Cryptocurrency is the digital disrupter of the monetary system and like the conception of every bright idea, its creation was an altruistic attempt to make a better, fairer world. To this end, Bitcoin and its cryptocurrency cohort has big ambitions. Entrenched into its very being is its goal of being a decentralised system of currency that retains more control with the owner while lowering lowering transaction fees and increasing security against fraud.
A decentralised, peer-to-peer electronic cash system was meant to democratise transactions and return the rights of parties to make transactions to those involved without governments and financial institutions holding a monopoly on the monetary system. This freedom is supposed to enable payments anytime with short settlement times, anywhere and to keep transaction fees low by dispensing with third parties like banks and lawyers.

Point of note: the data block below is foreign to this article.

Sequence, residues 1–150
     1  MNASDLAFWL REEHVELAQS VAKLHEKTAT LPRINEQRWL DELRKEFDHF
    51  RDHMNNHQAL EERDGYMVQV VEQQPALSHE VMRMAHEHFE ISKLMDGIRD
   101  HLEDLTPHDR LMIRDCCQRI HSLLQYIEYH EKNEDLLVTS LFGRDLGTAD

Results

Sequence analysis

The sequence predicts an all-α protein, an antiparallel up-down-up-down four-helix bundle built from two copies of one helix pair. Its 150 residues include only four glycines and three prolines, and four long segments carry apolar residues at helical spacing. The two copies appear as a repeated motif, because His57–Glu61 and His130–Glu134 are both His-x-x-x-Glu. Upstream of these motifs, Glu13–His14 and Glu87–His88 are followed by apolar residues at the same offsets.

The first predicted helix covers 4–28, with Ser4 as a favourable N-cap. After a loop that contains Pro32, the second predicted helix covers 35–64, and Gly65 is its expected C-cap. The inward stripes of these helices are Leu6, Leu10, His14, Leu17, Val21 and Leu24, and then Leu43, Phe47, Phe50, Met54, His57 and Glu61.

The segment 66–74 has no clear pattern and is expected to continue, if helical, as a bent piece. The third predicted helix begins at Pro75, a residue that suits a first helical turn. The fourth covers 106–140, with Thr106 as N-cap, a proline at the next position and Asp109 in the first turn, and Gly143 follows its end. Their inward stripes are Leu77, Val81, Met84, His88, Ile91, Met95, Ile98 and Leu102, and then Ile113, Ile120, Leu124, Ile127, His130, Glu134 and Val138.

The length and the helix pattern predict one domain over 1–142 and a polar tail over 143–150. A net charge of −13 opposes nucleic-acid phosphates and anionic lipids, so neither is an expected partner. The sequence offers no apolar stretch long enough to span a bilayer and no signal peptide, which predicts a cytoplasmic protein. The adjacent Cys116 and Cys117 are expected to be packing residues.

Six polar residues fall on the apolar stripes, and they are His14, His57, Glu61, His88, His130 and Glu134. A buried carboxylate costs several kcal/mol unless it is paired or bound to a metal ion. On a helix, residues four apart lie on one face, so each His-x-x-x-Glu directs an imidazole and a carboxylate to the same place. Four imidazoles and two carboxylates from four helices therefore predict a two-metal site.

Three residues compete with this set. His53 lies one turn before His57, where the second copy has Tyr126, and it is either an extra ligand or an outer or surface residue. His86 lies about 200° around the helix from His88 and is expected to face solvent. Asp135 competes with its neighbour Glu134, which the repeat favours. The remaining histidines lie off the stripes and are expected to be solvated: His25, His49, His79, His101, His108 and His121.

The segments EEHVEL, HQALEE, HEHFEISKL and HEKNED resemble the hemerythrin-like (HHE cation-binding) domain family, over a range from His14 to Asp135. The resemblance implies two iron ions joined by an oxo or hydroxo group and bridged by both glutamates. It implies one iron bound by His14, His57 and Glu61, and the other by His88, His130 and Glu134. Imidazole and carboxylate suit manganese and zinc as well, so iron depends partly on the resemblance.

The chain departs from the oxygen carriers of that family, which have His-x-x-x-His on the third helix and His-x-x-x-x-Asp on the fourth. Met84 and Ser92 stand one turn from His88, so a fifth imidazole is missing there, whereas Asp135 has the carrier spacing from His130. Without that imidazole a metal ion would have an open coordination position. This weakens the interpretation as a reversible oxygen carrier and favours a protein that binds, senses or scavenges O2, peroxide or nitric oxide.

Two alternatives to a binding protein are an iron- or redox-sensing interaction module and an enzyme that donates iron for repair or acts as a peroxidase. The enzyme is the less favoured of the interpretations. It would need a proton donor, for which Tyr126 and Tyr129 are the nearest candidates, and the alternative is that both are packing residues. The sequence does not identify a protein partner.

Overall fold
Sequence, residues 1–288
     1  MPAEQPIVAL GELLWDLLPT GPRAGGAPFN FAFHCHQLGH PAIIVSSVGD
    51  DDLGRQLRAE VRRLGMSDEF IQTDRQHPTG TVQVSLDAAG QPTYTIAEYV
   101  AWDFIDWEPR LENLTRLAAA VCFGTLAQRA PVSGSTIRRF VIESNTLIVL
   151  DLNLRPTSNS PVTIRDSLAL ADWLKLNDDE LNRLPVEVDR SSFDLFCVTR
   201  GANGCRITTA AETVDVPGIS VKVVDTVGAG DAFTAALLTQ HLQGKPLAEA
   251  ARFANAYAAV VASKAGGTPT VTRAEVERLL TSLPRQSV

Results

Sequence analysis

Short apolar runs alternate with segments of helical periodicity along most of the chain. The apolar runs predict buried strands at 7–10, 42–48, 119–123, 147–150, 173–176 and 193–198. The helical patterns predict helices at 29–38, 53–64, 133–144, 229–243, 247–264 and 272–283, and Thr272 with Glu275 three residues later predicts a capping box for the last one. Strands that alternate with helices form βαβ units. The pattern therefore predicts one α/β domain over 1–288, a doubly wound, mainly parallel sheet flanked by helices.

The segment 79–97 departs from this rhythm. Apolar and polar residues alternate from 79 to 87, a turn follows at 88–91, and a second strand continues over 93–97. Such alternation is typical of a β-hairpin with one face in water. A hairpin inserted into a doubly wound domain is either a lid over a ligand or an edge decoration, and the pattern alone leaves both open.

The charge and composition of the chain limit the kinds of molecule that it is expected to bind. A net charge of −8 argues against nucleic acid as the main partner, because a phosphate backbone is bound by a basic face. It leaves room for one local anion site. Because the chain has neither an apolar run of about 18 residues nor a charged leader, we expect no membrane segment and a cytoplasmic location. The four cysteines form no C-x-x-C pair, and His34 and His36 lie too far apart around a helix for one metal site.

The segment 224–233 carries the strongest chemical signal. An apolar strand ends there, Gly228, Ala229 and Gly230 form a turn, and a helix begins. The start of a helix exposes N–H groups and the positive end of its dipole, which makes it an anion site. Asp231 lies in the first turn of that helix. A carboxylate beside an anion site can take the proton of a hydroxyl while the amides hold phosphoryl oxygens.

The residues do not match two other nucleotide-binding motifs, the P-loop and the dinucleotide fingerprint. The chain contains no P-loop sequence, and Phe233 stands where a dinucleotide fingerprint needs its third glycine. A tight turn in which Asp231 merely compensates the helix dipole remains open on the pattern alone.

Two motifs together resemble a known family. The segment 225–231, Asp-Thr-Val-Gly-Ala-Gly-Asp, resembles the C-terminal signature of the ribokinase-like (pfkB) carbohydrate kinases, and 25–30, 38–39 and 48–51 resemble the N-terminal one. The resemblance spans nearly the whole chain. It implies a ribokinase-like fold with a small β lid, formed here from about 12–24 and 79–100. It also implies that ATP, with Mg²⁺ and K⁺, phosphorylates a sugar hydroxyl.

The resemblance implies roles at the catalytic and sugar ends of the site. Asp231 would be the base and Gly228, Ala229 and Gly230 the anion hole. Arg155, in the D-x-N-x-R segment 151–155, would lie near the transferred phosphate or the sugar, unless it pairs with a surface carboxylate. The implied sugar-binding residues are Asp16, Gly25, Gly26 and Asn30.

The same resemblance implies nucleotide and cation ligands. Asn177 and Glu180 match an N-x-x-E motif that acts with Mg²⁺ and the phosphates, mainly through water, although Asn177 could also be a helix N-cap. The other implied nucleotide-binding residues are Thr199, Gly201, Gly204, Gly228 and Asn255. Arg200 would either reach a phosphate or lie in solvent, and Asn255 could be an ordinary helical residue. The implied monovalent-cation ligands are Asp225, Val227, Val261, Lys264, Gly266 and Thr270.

The other primary advantage of Bitcoin is security. Counterfeiting and fraud is supposed to be near impossible because each transaction and balance is verified by ‘nodes’ in the blockchain community, that number in the thousands, instead of a central system. Unlike means of payment like credit and debit cards, where a merchant or malicious individual with a scanner has access to a person’s entire available source of funds with the credit card details in hand, Bitcoin operates on a system where the individual specifies and authorises only the exact the amount of the funds to be transferred. This complete personal control of an individual’s bitcoin wallet owner also means that, at present, no institution can freeze an account arbitrarily for any reason.